NCL recently sent the following letter to the Internal Revenue Service, calling for change with the way the IRS doesn't classify breast pumps for breast-feeding moms as an item (under IRS Publication 502) that can be reimbursed because they aid in the “prevention of disease" -- an outrageous idea to health advocates who cite numerous data about the proven reduction in health risks to both nursing moms and babies. The letter originally appeared in the Disruptive Women in Health Care blog. December 29, 2010 Dear Internal Revenue Service Commissioner Douglas H. Shulman: The National Consumers League has been advocating on behalf of women and children’s health since our founding in 1899. We were therefore very concerned to read about the IRS’ decision to deny nursing mothers the ability to use their tax-sheltered health care accounts to pay for breast pumps and other supplies. Under IRS regulations, eligible medical expenses under the flex programs. According to IRS Publication 502, items that can be reimbursed include those that aid in the “prevention of disease.” The IRS apparently has inexplicably determined that breastfeeding does not help in the “prevention of disease.” The National Consumers League could not disagree more with this determination. We ask that you review and reverse this misguided decision. Indeed, the medical evidence is overwhelming that far more widespread breastfeeding would not only “prevent disease” in the United States, but would save our health care system billions of dollars. Consider the following evidence about the myriad health benefits to both mother and child of breastfeeding:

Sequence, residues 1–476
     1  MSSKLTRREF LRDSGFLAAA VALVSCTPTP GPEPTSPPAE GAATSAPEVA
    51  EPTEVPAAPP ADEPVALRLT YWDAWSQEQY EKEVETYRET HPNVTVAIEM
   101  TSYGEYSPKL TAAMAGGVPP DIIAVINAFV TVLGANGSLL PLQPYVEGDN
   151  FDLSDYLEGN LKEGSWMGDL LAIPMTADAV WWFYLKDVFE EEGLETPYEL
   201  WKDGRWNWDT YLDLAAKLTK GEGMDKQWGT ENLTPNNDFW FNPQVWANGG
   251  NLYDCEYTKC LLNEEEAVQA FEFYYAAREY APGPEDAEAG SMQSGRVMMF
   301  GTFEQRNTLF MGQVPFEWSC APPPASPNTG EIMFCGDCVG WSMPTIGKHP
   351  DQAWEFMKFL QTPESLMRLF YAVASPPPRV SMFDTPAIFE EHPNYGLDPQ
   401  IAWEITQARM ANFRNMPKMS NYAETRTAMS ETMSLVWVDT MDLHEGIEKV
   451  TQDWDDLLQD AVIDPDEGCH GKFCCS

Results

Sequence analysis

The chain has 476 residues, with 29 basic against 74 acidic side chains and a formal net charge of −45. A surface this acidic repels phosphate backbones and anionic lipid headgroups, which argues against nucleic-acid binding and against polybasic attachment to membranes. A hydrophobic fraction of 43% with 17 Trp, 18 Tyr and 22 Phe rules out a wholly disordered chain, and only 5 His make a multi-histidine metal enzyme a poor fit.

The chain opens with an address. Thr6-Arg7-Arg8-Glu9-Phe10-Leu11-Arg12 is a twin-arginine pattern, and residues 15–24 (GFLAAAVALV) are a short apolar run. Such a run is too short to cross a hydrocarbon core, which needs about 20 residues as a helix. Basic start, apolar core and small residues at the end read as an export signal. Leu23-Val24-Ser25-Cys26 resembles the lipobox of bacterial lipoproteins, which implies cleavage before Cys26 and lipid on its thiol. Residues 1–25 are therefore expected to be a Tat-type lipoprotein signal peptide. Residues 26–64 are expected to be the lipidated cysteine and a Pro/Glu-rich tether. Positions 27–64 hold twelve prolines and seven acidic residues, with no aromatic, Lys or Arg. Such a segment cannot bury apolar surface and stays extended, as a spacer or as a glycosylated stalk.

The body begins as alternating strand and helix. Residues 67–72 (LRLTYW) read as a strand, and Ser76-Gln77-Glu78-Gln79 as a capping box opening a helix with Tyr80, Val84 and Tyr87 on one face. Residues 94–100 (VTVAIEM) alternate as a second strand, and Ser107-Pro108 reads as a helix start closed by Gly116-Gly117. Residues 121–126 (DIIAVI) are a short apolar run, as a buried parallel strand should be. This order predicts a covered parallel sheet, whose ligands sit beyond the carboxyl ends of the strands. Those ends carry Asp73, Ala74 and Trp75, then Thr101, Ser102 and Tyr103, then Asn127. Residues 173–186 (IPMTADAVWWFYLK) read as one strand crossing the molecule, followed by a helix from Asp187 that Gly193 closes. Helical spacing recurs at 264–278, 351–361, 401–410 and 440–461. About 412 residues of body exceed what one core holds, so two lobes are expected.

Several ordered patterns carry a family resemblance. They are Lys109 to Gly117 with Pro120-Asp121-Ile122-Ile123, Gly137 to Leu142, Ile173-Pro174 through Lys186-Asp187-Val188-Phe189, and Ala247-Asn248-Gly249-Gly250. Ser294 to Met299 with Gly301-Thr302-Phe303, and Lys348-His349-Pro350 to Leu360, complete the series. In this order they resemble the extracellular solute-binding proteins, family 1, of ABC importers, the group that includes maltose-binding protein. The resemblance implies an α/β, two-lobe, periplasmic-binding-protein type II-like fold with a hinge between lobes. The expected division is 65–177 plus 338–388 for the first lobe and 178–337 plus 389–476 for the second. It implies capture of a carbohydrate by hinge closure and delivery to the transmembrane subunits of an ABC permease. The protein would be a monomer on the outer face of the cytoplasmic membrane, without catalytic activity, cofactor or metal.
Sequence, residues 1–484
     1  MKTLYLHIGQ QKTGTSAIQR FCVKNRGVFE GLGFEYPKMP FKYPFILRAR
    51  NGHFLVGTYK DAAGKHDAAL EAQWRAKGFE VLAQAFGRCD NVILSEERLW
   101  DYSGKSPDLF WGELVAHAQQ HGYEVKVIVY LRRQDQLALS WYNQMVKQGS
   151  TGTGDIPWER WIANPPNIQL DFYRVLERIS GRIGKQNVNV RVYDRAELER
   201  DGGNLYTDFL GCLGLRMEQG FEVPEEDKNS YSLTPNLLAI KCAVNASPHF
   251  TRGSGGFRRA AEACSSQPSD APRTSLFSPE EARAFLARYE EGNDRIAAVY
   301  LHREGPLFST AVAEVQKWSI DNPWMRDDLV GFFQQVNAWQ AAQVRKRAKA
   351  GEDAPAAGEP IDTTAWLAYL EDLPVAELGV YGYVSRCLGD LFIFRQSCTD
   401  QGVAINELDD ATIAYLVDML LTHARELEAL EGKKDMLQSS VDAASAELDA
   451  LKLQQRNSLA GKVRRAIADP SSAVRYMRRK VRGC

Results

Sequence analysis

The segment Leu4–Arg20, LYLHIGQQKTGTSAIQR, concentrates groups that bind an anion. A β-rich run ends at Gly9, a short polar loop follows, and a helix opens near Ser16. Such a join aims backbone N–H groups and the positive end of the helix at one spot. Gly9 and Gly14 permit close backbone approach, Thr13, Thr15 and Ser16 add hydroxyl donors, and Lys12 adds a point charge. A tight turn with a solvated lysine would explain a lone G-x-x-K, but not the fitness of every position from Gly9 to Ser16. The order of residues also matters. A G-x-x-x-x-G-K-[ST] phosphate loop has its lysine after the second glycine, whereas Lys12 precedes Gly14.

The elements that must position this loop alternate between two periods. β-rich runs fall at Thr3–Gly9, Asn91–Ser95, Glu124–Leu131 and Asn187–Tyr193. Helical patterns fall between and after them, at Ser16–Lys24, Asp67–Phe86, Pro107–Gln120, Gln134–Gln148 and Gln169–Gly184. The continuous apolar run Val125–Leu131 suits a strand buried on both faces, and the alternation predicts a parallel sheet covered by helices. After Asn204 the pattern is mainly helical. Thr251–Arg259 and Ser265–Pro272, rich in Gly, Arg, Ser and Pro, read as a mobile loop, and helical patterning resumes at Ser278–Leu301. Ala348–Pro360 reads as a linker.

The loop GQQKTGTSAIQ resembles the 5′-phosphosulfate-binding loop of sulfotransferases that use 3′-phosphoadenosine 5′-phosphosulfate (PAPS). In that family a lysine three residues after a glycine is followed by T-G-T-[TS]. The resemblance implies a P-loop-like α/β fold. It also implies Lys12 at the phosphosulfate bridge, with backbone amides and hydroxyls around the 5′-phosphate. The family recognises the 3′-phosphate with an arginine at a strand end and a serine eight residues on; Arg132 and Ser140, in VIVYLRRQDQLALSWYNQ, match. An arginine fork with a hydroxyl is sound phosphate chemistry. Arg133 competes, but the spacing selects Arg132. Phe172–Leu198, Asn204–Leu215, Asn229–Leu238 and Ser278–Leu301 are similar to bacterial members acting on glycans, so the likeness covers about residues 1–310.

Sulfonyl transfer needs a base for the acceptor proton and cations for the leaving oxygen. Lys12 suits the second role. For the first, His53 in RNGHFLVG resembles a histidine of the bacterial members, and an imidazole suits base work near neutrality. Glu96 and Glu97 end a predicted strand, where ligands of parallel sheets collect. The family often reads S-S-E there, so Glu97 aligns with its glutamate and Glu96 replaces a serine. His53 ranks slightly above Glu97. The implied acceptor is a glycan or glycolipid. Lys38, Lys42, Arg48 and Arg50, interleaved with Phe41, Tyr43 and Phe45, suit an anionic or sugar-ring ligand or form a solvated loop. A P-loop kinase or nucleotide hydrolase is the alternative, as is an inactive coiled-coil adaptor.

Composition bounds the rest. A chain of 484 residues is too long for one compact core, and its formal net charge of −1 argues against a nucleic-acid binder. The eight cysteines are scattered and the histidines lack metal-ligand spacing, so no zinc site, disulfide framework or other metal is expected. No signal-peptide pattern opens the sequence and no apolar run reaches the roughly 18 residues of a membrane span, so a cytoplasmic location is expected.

- According to a Harvard study published in April of this year, if 90 percent of US families would comply with medical recommendationsto breastfeed exclusively for 6 months, the United States wouldsave $13 billion per year and prevent an excess 911 deaths,nearly all of which would be among infants ($10.5 billion and 741deaths at 80 percent compliance).
- The risk of infant death due to Sudden Infant Death Syndrome (SIDS) is lowered, and respiratory infections such as pneumonia, and necrotizing enterocolitis is nearly eliminated if mothers breastfeed their infants until at least six months after birth.
- The US Department of Health and Human Services has found that breastfed infants have a lower risk of contracting ear infections, stomach viruses, atopic dermatitis, type 1 and 2 diabetes, childhood leukemia, and other health problems.
- Mothers also benefit from breastfeeding because of lower risk of contracting type 2 diabetes, breast cancer, ovarian cancer, and postpartum depression (PPD).
- A former acting Surgeon General, Steven Galson, has noted that for most women, breastfeeding is biologically possible. Both babies and mothers gain many benefits from breastfeeding. Breast milk is easy to digest and contains antibodies that can protect infants from bacterial and viral infections.
- Breastfed infants typically need fewer sick care visits, Congress recently acknowledged the importance of breastfeeding in the landmark health care reform legislation it enacted this year by requiring that workplaces provide women with a private place to nurse or use a breast pump.